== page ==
On 9 Apr. 1571 Dalton spoke in favour of the bill to enforce church attendance and the taking of the sacrament. However, on 13 Apr., speaking on the bill against dispensations granted by the archbishop of Canterbury, he took a line which would distinguish him quite clearly from the extreme radical element in the House. He claimed ‘that the bill was made nothing, nor nothing therein contained, for the bishop can do nothing contrary to the word of God’. He also took part in the debates in 1571 about fraudulent conveyances (11 Apr.), the treasons bill (12 Apr.), and usury (19 Apr.), and served on committees concerning privileges (9 Apr.), the succession (10 Apr.), fraudulent conveyances (11 Apr., 14 May), the treasons bill (12 Apr., 11 May), tellers and receivers (23 Apr.), the order of business (26 Apr.) and church attendance (19 May). He spoke several times on the subject of Mary Queen of Scots and the Duke of Norfolk in 1572 (14, 15, 19 May, 9 June) and was appointed to committees on this matter on 12 May, 28 May and 9 June. In the debate on rites and ceremonies on 20 May, he cautiously agreed to the need for reform but disliked the idea of modelling the service on that of the Dutch or French churches. He participated in debates on fraudulent gifts (16 May), privilege (24 May) and a point of legal procedure (28 June) and was named to committees to discuss Middlesex juries (19, 22 May), and a private bill for the Earl of Kent (21 May). In 1576 he raised a matter of privilege in the House (10 Feb.), and served on committees concerning legal matters (13, 15 Feb., 7 Mar.), private bills (14 Feb., 12 Mar.), aliens (24 Feb.) and their children (3 Mar.), Middlesex juries (24 Feb.), discipline of the church (2 Mar.), innholders (5 Mar.), and excess in apparel (10 Mar.). In 1581 he spoke on only one occasion, against the bill concerning the children of aliens (25 Jan.), and served on two committees dealing with the bill on 25 Jan. and 7 Feb. He also served on committees concerning legal matters (26 Jan., 4, 17 Feb., 10 Mar.), seditious practices (1 Feb.), libel (3 Feb.), the Scottish border (25 Feb.), Dover harbour (4 Mar.), and the Queen’s safety (14 Mar.).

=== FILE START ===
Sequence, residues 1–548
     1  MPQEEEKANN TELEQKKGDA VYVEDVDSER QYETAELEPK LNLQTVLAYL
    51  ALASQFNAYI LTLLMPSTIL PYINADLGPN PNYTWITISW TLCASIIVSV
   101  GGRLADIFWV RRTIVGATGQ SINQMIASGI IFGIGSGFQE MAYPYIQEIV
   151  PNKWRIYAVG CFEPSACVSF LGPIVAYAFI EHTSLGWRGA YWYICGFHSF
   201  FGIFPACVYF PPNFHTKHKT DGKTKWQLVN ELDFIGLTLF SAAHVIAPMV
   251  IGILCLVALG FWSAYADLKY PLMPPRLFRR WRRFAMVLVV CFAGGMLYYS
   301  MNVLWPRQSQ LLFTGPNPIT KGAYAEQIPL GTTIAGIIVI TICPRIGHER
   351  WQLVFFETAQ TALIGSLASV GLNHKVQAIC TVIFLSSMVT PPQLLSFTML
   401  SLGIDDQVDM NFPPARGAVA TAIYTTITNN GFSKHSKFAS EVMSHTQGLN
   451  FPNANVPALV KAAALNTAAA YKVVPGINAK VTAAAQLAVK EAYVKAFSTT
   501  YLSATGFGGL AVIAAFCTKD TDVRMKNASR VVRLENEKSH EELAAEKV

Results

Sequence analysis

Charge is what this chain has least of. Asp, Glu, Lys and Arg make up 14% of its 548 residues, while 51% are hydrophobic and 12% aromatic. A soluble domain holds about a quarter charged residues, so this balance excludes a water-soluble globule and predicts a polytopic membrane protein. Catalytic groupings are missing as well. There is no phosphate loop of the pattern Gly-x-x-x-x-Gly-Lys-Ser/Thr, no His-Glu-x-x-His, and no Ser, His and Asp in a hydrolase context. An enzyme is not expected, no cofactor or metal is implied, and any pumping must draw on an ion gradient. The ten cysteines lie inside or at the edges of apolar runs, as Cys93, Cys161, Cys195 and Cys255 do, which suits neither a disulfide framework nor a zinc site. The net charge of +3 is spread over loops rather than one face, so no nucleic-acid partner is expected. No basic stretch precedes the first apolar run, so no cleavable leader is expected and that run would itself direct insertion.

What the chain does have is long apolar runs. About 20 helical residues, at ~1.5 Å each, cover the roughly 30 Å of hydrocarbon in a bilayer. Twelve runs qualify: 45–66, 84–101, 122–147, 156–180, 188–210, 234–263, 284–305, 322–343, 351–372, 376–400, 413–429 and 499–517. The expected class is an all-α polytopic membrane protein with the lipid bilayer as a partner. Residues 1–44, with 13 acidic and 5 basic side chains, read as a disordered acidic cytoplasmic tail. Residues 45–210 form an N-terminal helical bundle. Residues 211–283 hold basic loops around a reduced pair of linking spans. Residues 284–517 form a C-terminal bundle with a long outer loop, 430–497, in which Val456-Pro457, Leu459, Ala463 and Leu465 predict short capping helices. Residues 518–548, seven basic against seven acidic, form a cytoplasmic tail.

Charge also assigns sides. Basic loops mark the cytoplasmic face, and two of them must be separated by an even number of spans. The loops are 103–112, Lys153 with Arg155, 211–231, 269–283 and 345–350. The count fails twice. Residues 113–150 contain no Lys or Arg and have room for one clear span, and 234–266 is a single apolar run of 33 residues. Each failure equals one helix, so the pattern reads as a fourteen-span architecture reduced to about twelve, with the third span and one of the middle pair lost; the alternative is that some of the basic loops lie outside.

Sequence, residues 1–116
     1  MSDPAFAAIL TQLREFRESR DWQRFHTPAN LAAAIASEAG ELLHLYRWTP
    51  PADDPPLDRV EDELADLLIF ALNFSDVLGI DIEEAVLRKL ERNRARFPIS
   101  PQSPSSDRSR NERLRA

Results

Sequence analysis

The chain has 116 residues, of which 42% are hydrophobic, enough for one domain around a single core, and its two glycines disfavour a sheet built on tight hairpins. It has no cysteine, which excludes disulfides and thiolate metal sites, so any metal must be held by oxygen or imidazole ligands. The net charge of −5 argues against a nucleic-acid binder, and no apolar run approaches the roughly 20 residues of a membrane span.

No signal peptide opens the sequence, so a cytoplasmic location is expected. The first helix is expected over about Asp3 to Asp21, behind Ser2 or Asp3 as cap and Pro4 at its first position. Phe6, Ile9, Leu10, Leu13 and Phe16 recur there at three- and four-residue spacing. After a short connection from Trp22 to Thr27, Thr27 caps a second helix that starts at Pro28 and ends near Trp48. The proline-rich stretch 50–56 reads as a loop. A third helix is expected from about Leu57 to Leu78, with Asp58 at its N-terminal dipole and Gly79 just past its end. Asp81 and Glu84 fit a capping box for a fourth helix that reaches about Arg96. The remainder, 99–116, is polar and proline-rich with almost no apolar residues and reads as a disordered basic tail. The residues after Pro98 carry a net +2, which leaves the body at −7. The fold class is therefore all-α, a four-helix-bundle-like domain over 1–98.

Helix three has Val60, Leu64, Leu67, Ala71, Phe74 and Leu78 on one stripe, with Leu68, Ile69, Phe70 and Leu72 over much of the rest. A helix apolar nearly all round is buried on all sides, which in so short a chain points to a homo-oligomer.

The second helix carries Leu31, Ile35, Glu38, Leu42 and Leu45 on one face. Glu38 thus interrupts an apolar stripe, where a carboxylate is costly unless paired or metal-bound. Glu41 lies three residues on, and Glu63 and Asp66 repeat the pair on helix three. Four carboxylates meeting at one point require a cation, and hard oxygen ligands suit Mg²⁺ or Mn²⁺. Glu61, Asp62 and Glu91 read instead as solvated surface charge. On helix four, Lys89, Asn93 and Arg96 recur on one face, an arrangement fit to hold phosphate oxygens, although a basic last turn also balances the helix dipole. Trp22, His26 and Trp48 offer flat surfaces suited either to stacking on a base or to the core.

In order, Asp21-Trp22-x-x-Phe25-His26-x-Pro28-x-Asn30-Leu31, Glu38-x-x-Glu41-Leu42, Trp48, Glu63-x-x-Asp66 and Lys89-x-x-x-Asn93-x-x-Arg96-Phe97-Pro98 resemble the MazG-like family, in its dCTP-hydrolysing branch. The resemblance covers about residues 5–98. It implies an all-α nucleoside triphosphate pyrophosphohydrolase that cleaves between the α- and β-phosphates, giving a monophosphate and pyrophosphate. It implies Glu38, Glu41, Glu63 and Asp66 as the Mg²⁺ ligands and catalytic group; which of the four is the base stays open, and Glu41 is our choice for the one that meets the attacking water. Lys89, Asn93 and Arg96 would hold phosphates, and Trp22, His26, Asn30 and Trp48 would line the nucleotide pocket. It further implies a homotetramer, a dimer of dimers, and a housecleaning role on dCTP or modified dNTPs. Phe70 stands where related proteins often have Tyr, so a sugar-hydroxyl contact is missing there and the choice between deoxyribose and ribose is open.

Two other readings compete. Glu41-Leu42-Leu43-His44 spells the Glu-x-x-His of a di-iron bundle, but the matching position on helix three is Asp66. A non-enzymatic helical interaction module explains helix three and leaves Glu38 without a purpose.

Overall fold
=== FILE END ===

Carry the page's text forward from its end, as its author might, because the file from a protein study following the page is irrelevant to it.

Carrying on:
In the Parliament of 1584 he was again a frequent speaker. When the House debated a bill for ministers of the church to be 24 years of age, he dissociated himself from the radicals, saying ‘I am not of that faction’, and objected that the bill tended to the displacement of two thousand ministers. On 8 Feb. 1585 he spoke on the bill for fraudulent conveyances, and on a bill for general demurrers. He served on committees concerned with religious matters (27 Nov. 1584), tanners (9 Dec.), common informers (9 Dec.) and insurance (22 Mar. 1585). In 1587 he took care to show himself a moderate in matters of religion. On 27 Feb. the extreme puritans forced the Speaker to accede to the reading of Anthony Cope’s bill and book. Dalton intervened to object that the book appointed a new form of administration of the sacraments and ceremonies of the church, ‘to the discredit of the book of common prayer and of the whole state’. He was afraid of provoking the Queen’s anger by meddling in things belonging to ‘her own charge and direction’. He spoke again on the ever-recurring subject of Mary Queen of Scots (4 Nov. 1584) and was appointed to committees on the matter (4, 18 Nov.). He also served on a committee concerned with the import of fish (6 Mar. 1587).